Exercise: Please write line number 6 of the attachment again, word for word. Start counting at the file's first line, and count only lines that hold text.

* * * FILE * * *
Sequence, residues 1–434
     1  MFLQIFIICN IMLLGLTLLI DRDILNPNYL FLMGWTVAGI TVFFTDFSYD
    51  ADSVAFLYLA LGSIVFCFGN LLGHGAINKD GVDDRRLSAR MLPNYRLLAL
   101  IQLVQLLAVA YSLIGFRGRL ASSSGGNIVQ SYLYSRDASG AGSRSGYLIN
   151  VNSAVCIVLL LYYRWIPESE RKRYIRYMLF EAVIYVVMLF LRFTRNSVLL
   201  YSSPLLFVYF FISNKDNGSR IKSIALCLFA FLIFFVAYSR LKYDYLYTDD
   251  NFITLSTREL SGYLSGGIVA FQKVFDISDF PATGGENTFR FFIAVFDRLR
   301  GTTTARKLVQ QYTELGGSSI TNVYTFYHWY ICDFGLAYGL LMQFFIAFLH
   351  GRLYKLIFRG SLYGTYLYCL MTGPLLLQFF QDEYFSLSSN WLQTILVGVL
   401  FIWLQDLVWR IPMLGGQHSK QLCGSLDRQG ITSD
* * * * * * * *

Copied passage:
   201  YSSPLLFVYF FISNKDNGSR IKSIALCLFA FLIFFVAYSR LKYDYLYTDD